BASN Year In Review: The Top 10 Stories Of The Year

By Tony McClean
Updated: January 2, 2005

Kobe Bryant and wife Vanessa

NEW HAVEN, Ct. — 2004 was the year that began with Janet’s breast, saw UConn pull a unique double-double in college hoops, and we all saw hell freeze over as the Red Sox finally (FINALLY!!!!!) won the World Series.
Of course, there were scandals that stretched from Columbus to BALCO, we said goodbye to Reggie (White) and Ralph (Wiley) and also said hello to new stars like tennis phenoom Timothy Neilly and LSU women’s hoop coach Pokey Chatman.
For better or worse, here are BASN’s choices for stories of the year in order:
1. The Kobe Thing
Remember the Jodeci album “The Show, The After Party, The Hotel” from a few years back? The title sort of describes the whole Kobe thing and how it seemed to go on-and-on all during 2004. In this case it was the trial, the verdict, the aftermath, the Shaq-Jackson feuds, the finals, (breath!!), the trade and Phil leaving, the Mailman accusations, and the Christmas Day game (WHEW). All that and I didn’t even mention the Olympic snub (we’ll get to that later).
2. Steroids: Barry and the Chase/Marion’s Fall From Grace
A story that will stretch out far into 2005 and possibly beyond. Are Bonds’ numbers now tainted as he approaches Bad Henry’s hallowed mark? What will be the fallout from rapid and casual baseball fans? We already have seen the media’s take on the issue, but the fan reaction will tell the toll on how this will play out. With Ms. Jones’ pending suit against Victor Conte, this is a story that has legs and wont go away quietly.
3. The Brawl at The Palace
It may prove to be the most galvanizing moment in American sports history. The Pacers-Pistons fight was clearly one of the most talked about events in the sports world in 2004. The swift punishment handed down by Commissioner David Stern is also something that may be a bigger issue down the road. Just a reminder: the NBA Players Association contract ends after this season. Hopefully, the league and its players will learn something that the NHL is finding out now. Don’t toy with the emotions of angry fans.
4. Maurice Clarett/Mike Williams vs. the NFL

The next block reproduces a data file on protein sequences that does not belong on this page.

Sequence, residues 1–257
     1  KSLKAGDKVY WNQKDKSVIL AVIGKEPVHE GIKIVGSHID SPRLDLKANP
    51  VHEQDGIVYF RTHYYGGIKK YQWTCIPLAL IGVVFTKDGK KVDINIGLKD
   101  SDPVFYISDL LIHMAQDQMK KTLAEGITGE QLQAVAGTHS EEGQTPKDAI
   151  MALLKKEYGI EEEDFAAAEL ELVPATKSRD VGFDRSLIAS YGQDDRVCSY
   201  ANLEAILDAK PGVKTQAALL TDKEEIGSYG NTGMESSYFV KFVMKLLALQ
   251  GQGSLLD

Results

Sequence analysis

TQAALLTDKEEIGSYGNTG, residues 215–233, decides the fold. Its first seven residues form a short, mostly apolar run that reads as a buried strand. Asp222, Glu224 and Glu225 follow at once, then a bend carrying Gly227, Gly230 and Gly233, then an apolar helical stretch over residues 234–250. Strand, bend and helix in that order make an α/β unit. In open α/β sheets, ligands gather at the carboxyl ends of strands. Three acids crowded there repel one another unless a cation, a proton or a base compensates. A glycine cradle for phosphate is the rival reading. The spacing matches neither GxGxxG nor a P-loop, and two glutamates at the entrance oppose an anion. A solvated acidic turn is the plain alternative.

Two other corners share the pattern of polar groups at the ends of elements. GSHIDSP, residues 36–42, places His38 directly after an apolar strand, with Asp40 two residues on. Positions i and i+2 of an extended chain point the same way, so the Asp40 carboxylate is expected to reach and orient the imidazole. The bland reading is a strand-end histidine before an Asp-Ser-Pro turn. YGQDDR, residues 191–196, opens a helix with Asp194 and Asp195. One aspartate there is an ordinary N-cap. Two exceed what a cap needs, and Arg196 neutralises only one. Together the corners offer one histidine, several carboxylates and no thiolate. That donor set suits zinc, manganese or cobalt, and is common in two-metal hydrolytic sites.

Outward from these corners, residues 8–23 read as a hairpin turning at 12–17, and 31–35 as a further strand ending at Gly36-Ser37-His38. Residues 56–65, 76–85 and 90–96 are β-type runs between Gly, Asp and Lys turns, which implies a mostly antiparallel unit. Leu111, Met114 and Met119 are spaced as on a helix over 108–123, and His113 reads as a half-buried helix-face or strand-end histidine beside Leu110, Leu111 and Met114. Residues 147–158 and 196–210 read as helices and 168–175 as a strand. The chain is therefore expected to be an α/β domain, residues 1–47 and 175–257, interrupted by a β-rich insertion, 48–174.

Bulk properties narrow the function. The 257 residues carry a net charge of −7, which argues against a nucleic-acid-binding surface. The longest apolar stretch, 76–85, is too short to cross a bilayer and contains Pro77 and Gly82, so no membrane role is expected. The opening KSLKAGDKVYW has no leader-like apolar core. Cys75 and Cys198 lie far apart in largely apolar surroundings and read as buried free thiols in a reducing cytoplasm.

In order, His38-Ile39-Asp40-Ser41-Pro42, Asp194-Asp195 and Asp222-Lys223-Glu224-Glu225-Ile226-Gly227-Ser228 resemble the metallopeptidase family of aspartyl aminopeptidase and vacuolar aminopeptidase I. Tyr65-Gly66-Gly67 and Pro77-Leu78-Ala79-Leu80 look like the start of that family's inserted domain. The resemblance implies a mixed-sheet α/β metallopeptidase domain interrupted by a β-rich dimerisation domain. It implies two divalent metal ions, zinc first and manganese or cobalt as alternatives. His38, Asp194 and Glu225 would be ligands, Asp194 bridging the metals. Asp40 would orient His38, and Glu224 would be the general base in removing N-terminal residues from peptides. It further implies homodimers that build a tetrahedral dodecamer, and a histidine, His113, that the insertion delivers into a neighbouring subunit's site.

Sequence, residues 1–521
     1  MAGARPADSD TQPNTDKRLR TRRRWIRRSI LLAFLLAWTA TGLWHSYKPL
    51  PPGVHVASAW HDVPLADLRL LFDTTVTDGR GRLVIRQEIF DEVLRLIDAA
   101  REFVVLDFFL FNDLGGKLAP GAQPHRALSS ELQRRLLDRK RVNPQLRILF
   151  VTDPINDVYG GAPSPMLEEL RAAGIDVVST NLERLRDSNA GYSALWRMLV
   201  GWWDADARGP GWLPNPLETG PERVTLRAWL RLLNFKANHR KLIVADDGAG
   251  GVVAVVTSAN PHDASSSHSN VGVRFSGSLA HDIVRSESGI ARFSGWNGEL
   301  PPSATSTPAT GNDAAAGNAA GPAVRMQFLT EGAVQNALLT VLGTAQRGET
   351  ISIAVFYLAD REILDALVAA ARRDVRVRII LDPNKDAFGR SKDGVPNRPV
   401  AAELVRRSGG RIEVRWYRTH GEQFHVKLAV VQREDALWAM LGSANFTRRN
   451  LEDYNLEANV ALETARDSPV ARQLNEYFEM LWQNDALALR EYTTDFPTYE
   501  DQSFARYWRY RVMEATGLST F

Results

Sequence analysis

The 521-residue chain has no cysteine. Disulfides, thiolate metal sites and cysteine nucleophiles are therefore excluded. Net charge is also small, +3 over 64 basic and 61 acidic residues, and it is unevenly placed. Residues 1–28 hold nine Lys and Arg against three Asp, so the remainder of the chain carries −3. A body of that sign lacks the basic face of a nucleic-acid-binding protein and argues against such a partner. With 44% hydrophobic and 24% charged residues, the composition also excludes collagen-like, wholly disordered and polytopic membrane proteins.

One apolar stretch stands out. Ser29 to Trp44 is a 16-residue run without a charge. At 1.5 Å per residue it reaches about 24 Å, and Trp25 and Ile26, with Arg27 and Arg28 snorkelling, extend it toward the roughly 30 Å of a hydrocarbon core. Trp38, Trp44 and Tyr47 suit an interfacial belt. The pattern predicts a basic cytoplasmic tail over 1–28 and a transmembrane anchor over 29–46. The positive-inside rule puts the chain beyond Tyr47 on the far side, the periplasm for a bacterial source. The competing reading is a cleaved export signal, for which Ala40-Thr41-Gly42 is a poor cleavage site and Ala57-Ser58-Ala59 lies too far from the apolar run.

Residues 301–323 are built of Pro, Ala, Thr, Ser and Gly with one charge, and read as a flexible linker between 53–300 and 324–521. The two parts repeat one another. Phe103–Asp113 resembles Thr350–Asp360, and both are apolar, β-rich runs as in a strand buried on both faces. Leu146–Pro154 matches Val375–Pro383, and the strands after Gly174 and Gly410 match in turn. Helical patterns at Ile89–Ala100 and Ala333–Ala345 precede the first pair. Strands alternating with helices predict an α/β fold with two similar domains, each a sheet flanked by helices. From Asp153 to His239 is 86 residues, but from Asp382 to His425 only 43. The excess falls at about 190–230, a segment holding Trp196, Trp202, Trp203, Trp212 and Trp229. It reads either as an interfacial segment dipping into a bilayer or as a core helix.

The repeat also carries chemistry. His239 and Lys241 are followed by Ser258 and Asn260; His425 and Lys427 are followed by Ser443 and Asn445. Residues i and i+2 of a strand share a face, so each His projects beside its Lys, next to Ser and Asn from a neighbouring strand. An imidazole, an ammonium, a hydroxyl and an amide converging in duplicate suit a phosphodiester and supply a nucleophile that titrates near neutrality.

They fought the law and the law won on a TKO. Williams’ gambled heavily and lost his college eligiblity, while Clarett is still in the eye of a pending storm at Ohio State. Again, the final chapter of this may play out in April at the 2005 NFL Draft. Barring injury, Williams looks to be at least a first round pick. Will anyone be willing to deal with the baggage that comes with Lil’ Mo? Stay tuned.
5. Black Coaches and NCAA Football
The powers that be in Division I-A schools are still lagging behind when it comes to the subject of African-American head coaches. The whole Notre Dame-Ty Willingham debacle showed that. Luckily, he’s been given another chance at Washington. However, a black coach had a huge say in some of the major hirings and firings of 2004. When Sylvester Croom’s Mississippi State Bulldogs upset Florida, it led to Ron Zook’s firing by the Gators, who hired Urban Meyer, after he turned down ND.
6. U.S. Hoop team debacle
Stubbornly, this writer thought the U.S. team would bring home another gold medal. However, between the All-Star snubs (Kobe, Shaq, Kidd, Allen, etc.), some questionable decisions by coach/whiner Larry Brown and very little prep time, Team USA was doomed from the start. Whether you want to believe it or not, a gold medal in men’s hoops is no longer a rubber stamp for this country anymore. Oh well, thank god the U.S. ladies are still the best.
7. Pistons win NBA title
Lets face it, we all thought the Western Conference would cruise over any Eastern Conference team in the finals. Someone forgot to tell the boys from Motown. If it wasn’t for a bad five minite stretch in Game 2, the Pistons would have swept the Lakers. The kinder and gentler Bad Boys brought the sports world’s ugliest championship trophy back to Auburn Hills. Now if they could just erase the memory of that night against the Pacers.
8. Vijay dethrones Tiger
Just a few years ago, Vijay Singh’s comments against Annika Sorenstam made him look like the charter member of the “He-Man Women Haters Club”. It’s amazing what winning a few majors and dominating his sport can do for public perception. His 2004 proves that the PGA Tour isn’t just Tiger a few guys named Phil. You also get the feeling that Vijay and Tiger will be going at it again in 2005.
9. Jerome Iginla reaches the finals
He’s been a MVP. He’s won a scoring title, a gold medal, and a World Cup in Hockey. All that was left for the Calgary star was a chance to win the sports’ Holy Grail. Despite his best efforts in an exciting 7-game series, Jerome and his Famous Flames came up just a bit short to the Tampa Bay Lightning. Unfortunately for Iginla and many other hockey fans, that may be one of the last images of hockey we’ll see in a while.
10. The debuts of LeBron James and Freddie Adu
One helped lead his team to a championship (Adu), while the other just missed making the postseason (James). All along the way, they were asked to play the boys to men role in raising the popularity of their respective league. Both showed wisdom and maturity way beyond their young years. One gets the feeling that despite some of the black eyes that each sport has taken, these two will be major parts of the sport scene for a long, long time.